SEC Marketing Rule

On December 22, 2020, the U.S. Securities and Exchange Commission (the “SEC” or the “Commission) adopted a single, unified rule (the “Marketing Rule”) that replaces (i) rule 206(4)-1 (the “Advertising Rule”) under the Investment Advisers Act of 1940 (the “Advisers Act”), which governs investment adviser advertising, and (ii) existing rule 206(4)-3 (the “Cash Solicitation Rule”) under the Advisers Act, which governs advisory client solicitation arrangements. These amendments modernize the Advertising Rule and Cash Solicitation Rule, which had not been significantly updated since their adoption in 1961 and 1979, respectively.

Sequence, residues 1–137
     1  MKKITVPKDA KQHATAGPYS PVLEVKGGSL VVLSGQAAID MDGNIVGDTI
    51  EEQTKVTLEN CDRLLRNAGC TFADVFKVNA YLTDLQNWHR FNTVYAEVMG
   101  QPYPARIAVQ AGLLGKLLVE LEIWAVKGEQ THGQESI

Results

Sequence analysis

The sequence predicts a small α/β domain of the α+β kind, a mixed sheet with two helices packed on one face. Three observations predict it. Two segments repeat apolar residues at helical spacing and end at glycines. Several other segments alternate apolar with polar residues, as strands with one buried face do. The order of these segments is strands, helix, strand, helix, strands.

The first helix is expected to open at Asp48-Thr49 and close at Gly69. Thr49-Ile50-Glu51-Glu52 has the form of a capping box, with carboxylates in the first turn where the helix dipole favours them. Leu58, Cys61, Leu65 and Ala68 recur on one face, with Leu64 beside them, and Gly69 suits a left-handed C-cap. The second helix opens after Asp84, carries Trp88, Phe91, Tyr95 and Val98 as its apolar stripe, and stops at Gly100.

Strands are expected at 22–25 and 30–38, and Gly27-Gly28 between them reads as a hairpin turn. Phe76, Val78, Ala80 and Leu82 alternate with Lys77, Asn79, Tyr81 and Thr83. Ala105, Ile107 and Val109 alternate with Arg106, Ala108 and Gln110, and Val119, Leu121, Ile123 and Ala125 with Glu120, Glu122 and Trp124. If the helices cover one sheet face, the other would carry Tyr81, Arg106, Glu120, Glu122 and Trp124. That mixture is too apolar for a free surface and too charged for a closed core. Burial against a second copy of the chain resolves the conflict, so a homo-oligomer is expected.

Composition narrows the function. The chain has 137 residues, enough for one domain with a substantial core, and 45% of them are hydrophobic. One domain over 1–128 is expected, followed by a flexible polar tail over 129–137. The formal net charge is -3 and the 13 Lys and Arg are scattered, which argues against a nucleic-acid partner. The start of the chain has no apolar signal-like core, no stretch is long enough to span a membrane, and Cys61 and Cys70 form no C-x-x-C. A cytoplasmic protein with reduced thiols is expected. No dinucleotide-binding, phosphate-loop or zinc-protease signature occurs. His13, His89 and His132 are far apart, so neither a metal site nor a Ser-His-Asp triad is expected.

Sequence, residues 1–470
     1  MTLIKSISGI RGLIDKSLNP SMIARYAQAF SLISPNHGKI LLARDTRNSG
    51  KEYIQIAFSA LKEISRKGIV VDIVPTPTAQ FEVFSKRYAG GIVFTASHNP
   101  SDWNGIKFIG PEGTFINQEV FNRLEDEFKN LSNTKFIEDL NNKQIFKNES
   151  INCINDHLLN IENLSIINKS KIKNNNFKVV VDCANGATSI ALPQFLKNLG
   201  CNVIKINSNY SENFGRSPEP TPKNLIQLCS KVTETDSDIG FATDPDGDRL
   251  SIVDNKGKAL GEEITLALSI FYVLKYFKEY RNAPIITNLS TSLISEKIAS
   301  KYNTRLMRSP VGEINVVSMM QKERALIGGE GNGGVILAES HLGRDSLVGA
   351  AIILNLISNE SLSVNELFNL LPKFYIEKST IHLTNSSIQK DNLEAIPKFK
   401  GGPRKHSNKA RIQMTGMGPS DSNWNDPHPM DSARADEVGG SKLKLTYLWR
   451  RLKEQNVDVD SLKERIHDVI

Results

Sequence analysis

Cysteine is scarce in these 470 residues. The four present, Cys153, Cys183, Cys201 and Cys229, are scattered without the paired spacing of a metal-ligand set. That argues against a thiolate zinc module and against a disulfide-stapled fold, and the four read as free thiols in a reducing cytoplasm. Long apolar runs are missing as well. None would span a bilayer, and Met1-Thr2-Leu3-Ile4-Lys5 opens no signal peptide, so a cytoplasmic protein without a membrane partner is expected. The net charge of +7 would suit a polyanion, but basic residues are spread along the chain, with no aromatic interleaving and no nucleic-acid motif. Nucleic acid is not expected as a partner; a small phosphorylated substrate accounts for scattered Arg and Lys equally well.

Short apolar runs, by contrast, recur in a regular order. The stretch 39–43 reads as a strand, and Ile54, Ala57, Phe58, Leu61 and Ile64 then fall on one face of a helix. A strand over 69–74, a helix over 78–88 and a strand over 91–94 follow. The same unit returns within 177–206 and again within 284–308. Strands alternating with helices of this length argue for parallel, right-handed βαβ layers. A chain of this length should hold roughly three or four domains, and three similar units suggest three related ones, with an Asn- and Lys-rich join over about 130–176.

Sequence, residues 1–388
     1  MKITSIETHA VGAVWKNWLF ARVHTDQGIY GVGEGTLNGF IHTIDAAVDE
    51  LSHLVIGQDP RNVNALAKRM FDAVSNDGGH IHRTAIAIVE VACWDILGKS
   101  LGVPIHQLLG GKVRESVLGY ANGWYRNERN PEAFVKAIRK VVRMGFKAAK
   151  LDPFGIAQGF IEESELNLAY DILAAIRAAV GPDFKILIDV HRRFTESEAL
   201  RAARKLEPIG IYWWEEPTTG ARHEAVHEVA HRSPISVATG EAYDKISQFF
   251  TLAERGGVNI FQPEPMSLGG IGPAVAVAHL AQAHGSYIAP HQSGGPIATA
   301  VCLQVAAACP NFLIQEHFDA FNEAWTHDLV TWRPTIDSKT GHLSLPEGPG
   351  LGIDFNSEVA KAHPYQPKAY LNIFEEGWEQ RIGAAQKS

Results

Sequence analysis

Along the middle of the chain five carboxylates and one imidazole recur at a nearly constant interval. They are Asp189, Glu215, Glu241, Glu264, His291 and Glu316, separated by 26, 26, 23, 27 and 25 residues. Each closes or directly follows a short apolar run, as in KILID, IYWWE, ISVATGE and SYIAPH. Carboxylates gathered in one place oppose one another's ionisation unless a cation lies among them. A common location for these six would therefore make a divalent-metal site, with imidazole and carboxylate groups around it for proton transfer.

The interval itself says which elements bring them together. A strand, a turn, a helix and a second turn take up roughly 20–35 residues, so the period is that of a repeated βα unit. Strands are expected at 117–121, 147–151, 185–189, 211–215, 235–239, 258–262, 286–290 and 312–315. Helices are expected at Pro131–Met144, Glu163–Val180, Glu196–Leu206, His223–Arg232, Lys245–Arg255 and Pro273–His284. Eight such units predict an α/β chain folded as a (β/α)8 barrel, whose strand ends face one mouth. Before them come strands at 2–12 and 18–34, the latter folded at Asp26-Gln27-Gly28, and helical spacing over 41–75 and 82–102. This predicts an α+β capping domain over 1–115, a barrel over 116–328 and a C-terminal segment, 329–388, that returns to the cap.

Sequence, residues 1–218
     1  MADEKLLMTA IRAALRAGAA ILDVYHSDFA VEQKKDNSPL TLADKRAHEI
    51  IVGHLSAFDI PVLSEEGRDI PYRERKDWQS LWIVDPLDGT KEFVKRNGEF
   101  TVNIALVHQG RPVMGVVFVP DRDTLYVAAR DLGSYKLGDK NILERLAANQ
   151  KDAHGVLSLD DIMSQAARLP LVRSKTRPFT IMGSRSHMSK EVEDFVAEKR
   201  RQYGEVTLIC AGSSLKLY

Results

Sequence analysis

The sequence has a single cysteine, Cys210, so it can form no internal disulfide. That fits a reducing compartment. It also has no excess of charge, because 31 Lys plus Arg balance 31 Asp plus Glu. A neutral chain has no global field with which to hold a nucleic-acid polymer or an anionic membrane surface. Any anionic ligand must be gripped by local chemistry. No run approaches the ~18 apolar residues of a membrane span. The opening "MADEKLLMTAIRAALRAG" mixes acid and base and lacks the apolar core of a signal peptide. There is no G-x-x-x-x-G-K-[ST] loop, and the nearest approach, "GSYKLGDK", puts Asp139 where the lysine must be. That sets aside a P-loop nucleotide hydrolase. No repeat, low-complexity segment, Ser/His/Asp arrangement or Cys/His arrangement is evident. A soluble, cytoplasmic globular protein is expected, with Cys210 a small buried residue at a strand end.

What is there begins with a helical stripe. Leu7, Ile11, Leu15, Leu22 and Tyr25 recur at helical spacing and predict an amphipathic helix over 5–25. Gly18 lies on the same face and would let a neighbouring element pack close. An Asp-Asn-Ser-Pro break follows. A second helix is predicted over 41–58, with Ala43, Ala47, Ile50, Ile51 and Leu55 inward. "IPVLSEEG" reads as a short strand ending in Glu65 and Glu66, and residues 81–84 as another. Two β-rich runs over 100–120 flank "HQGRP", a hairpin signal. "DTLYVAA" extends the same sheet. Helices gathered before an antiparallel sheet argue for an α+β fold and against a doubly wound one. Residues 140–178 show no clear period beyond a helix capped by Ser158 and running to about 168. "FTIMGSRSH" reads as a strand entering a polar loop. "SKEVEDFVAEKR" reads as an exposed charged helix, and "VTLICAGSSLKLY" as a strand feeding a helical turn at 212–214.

The Marketing Rule was not, however, adopted with the uninhibited support of each SEC commissioner, and several SEC commissioners have stated these amendments did not go far enough. A statement by Commissioner Allison Herren Lee and Commissioner Caroline A. Crenshaw expressed concerns that certain revisions from the proposed rule “will likely place advertisements on the list of examination and enforcement priorities for years to come”, and indicated that they “believe it will be important for the Commission to closely monitor industry implementation of the rule to consider whether additional revisions or protections may be warranted going forward”. The statement by Commissioners Lee and Crenshaw could foreshadow an increased regulatory focus on investment adviser marketing in the examination, enforcement and rulemaking contexts. Thus, while the new Marketing Rule may offer some level of additional flexibility, it may also signal an increased regulatory focus and associated risks.

Read our full analysis using the PDF link below.